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About 76% of Costa Ricans are Catholic, making Catholicism one of the strongest religions in Costa Rica. This fact alone can give you an idea of the importance of Holy Week and Easter in Costa Rica. If you want to visit Costa Rica and want to know what it is like to celebrate this holiday there, we invite you to revise the information exposed below.
What is celebrated during Holy Week and Easter in Costa Rica?
Just to give a little bit of context, Holy Week (Semana Santa in Spanish) is the time of the year when Catholics and Christians celebrate the passion, death, and resurrection of Jesus Christ.
When is Easter in Costa Rica celebrated?
In 2023, the dates on which Holy Week is celebrated go from Sunday, April 2nd to Saturday, April 8th, and Easter is celebrated on Sunday, April 9th.
Why does the date on which Holy Week is celebrated change every year?
Compared to other official holidays like Christmas, Independence Day, Halloween, and others, Holy Week doesn’t have fixed dates. The dates depend on the beginning of spring and the lunar calendar, which marks Catholic Easter each year. Dates usually range from the end of March to the beginning, mid, and sometimes the end of April.
Meaning of Holy Week for Costa Ricans
For Costa Ricans, Holy Week or Easter week is meaningful in different ways. For some, it is a reflection time, where the life and sacrifice of Jesus Christ on the cross are remembered. For others, it represents a time to rest and relax from work, and for some, it is a space dedicated to sharing with family, which Ticos highly value. Whatever way Costa Ricans decide to spend this holiday, there are essential links or common denominators these days, and those are traditional food, traditions, and religious ceremonies.
Traditional dishes served during Easter in Costa Rica
Holy Week, or as the locals call it, “Semana Santa” in Costa Rica, is linked to preparing traditional dishes that are usually not seen at other times during the year.
Costa Ricans enjoy typical Holy Week dishes with different textures, flavors, and aromas. Some of the most popular dishes include escabeche (this consists of a mixture of vegetables cooked “al dente” and preserved in vinegar), rosquillas (hardened and rounded corn baked biscuits), rice with hearts of palm, fish or shellfish soup, stuffed bread, pickles, stews made from leaves and flowers, bitter leaves and hearts of palm, mute tamales (made with corn dough only) or stuffed with beans, mustard hash, chicasquil or potato, sponge cake, dishes with dried and salted cod, other types of fresh fish and sea products, a wide variety of honey made with different fruits like mango, grapefruit, cashew and many more.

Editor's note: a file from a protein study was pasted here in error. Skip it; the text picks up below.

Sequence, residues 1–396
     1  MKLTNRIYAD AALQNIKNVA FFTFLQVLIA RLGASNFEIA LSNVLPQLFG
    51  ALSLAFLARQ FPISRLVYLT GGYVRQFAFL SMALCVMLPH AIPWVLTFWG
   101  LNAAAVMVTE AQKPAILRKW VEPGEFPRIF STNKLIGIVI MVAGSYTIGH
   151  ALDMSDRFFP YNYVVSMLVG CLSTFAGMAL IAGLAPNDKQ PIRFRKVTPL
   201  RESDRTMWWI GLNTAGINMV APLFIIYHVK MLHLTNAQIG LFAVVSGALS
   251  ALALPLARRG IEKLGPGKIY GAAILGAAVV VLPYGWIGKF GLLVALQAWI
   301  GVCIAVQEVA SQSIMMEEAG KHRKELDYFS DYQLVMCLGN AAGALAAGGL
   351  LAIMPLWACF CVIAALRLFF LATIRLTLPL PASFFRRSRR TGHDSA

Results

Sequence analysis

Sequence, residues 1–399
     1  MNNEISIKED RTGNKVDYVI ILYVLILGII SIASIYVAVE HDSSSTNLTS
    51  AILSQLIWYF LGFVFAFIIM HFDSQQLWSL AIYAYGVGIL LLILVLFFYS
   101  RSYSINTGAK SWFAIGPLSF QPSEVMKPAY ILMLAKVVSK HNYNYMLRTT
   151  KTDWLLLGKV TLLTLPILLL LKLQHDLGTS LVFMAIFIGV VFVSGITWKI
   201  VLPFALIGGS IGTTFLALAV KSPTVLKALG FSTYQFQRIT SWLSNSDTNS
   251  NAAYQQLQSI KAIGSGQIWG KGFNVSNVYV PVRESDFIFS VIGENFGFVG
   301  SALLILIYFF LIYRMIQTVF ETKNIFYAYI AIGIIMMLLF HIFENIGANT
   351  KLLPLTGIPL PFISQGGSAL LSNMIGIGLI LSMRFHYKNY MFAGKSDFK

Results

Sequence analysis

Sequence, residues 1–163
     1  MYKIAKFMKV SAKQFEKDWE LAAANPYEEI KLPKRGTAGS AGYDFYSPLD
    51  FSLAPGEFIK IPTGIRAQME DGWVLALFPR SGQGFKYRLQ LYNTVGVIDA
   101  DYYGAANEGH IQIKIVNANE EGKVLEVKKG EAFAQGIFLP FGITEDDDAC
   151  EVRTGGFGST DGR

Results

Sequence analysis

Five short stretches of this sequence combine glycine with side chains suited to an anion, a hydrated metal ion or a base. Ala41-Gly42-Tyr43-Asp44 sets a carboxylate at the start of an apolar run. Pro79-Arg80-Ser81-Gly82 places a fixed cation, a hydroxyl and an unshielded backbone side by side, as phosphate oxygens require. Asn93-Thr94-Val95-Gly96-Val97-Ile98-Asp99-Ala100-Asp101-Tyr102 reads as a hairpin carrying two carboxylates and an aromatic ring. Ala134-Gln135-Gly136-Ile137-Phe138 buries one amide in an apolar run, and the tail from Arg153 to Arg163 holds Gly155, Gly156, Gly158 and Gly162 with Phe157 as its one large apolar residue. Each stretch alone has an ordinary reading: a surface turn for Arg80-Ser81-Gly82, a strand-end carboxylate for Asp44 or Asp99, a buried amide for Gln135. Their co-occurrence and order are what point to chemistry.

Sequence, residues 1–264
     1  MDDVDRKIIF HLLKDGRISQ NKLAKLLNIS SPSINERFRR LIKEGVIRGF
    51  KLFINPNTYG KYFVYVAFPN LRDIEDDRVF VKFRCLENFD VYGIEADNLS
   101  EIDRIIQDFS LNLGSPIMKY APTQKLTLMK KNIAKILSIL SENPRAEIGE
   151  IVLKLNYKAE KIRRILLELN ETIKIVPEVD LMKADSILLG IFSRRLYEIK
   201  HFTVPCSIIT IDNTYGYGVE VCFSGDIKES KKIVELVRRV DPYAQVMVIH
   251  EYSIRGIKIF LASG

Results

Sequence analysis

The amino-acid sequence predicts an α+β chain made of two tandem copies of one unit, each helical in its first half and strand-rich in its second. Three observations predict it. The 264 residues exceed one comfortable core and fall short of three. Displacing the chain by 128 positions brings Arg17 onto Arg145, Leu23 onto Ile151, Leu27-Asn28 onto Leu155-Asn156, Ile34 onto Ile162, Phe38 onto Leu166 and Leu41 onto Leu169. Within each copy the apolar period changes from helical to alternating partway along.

If you have a sweet tooth, we invite you to try the favorite and most popular traditional sweet in Costa Rica during these festivities: the famous miel de chiverre or chiverre honey. If you have never seen it or heard of chiverre, get ready to encounter it on every corner during Easter week. Chiverre looks like a watermelon on the outside, it is white on the inside, and it has a texture very similar to pumpkin. During Easter Week ticos eat miel de chiverre on bread (as it has a jam texture), baked into empanadas, or simply eat it with a spoon.
Easter celebrations, superstitions, and traditions
It is very common that during the whole week, church members, along with clergy, perform processions, keep certain traditions and remember and keep a few superstitions.
The traditional processions in each city take place on Holy Wednesday, Holy Thursday, Good Friday, and Easter Sunday. Each procession is dedicated to the Passion of Jesus: his journey through Jerusalem, crucifixion, and resurrection. Participants dress as Roman soldiers and officials who sentenced Jesus to death. Other characters in the parades are the Virgin Mary, Mary Magdalene, Saint Joseph, the apostles, and of course, the angels. Community volunteers take their part very seriously, and you can tell how much they enjoy performing and promoting spiritual awareness and reverence.